They were doing it again, chugging down the same track they had a thousand times before. Not really a train track… more like the track worn in their avocado green shag carpet, the path beaten down between the bedroom and the couch in the living room. Flattened by repeated use.
He had opened the first salvo, triggered by her bags of stuff on the kitchen table. First, his sigh; then her indignant “What?”; then his exasperated “Nothing.” And now…now it was her turn to say, “Well it must be something…”
But somehow, she just wasn’t in the mood today. Not in the mood for him to blast her “free-spending shopaholism”, not in the mood to hit back about his cheapskate ways that were the reason they still had worn out shag carpet, among other things. Who else still had a microwave with a dial instead of a keypad? How many other wives started their car with a screwdriver, and prayed that there wouldn’t be rain, since the windshield wiper was held on with twist ties?
No wonder she found comfort at the mall.
Breaking away from their well-worn script brought interesting results this time. His face lost its exasperation and softened with a smile. “I took care of dinner tonight,” he said.
Intriguing. She could see he thought of this as a grand gesture, prepared perhaps as his crowning argument against his perpetual penny-pinching. As he never cooked, this surprisingly must have meant he was going to take her to dinner. But wait. He hadn’t said, “I’m taking you to dinner;” he’d said, “I took care of dinner tonight.” What exactly did that–
Unbelievable. Delivery. What a man she had married, a real sweep-you-off-your-feet Romeo. Chinese, she guessed, or…
“Pasquale’s Pizza. Here’s your order.”
“Just a minute,” he said, “let me get the coupon.”
Of course he has a coupon, she thought.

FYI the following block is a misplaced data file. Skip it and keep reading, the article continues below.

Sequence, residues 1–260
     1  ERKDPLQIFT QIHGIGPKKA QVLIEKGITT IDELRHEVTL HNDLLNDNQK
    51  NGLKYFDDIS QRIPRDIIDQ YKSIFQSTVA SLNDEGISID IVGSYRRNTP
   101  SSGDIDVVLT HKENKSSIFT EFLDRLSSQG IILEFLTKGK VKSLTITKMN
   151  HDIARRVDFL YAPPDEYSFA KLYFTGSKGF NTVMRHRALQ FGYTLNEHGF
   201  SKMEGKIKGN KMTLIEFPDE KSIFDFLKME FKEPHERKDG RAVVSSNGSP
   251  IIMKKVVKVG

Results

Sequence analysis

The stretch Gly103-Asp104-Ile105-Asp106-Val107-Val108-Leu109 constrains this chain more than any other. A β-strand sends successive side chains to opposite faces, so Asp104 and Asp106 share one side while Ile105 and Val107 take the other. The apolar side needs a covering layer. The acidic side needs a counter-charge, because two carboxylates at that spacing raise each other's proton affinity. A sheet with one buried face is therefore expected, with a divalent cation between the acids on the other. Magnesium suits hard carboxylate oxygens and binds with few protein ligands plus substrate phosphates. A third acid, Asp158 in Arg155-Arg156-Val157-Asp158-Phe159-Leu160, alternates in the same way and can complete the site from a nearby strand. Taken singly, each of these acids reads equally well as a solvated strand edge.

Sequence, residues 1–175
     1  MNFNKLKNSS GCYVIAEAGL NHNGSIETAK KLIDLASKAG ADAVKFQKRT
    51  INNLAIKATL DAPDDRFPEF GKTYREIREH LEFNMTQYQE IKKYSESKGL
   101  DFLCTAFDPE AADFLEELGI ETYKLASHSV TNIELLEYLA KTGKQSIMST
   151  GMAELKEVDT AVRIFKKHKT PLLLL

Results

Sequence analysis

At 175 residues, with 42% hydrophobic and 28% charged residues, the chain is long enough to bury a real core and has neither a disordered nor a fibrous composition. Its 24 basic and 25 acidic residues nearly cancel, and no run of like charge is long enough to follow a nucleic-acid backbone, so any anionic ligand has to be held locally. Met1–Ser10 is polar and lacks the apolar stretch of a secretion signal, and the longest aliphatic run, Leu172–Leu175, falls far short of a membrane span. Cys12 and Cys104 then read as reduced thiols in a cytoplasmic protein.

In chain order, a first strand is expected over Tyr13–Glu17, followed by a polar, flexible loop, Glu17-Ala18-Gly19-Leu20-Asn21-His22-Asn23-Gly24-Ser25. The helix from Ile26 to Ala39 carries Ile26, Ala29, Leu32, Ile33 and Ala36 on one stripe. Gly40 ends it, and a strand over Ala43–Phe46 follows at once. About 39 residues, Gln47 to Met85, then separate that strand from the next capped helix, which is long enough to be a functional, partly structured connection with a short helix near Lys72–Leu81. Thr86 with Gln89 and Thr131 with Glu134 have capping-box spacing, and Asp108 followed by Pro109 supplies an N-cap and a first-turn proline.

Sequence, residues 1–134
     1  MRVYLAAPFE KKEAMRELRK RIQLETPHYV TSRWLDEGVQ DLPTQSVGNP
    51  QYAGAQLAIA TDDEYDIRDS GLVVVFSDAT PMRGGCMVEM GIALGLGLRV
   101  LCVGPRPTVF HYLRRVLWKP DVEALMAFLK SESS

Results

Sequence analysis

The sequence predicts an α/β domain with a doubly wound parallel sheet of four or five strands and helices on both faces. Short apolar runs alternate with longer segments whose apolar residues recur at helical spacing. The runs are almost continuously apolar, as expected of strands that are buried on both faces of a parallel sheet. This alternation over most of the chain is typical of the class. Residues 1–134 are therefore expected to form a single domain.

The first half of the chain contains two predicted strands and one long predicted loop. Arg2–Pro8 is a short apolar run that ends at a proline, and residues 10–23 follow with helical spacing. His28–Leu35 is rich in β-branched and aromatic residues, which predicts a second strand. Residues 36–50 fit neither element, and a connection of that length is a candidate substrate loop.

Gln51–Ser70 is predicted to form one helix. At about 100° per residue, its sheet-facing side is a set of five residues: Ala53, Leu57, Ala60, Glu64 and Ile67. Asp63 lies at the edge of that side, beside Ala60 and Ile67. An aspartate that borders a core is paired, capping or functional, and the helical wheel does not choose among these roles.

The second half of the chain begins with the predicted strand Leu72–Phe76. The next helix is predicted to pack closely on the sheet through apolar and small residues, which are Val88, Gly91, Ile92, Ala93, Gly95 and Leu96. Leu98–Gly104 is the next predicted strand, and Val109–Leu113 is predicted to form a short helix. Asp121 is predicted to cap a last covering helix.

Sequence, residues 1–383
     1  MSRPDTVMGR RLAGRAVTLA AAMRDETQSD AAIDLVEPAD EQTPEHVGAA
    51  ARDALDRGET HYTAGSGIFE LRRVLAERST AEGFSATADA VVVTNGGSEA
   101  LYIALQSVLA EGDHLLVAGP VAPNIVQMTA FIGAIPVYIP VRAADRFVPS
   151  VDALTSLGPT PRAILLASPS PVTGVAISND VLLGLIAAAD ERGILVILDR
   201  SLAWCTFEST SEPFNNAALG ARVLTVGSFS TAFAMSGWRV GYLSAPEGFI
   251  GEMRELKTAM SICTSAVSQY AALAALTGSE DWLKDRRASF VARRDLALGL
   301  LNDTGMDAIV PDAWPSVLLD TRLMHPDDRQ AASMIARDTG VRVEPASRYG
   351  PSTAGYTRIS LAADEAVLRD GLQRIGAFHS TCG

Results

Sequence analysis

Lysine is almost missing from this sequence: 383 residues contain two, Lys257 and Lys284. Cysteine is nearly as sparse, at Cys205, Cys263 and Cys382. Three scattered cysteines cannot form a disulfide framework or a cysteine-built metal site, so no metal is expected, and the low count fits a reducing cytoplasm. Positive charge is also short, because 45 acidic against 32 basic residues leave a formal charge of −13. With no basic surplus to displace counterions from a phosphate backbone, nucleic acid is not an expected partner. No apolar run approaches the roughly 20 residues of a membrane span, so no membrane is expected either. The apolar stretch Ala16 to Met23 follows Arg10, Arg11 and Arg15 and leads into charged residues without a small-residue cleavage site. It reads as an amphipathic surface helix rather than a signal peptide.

He grinned at her as he passed, grabbed the coupon for a $13.99 large pizza, and handed the delivery girl a $10 and a $5. She rolled her eyes and turned to go.
My husband, she thought; last of the big tippers.
“Ahem,” he said. The delivery girl turned, her nose ring glinting in the porch light. “My change?” he said.
“You…you actually want the dollar back?”
“My change is $1.01, with the coupon.”
The delivery girl looked at him, looked at his wife, first in shock, then, yes, there’s no other word for it…she looked at his wife with pity. A crisp one dollar bill changed hands, and the delivery girl left. She texted three people before she left the driveway… “ur nt gonna believe dis”.
The train was leaving the station after all.
“You couldn’t let her keep one dollar? One dollar? You stiff her completely on a tip for one dollar?!? I cannot fathom what in the world you think in that head of yours. I have never met ANYONE like-“
“That’s what’s wrong with you! You throw money around like no one I’ve ever seen. Do these bags of crap really make you feel better? Do they?”
“WHO IS SO CHEAP THEY ASK SOME PIERCED TEENAGE DELIVERY DRIVER FOR A DOLLAR IN CHANGE? How can you do that and live with yourself?”
He grabbed the ends of the dollar bill, pulling them apart quickly, making a snapping sound. “It’s MY dollar! I’m careful with my money! Once you get your hands on it, it’ll be gone.”
And now that you have YOUR hands on it, she thought, who knows if it will ever see the light of day again?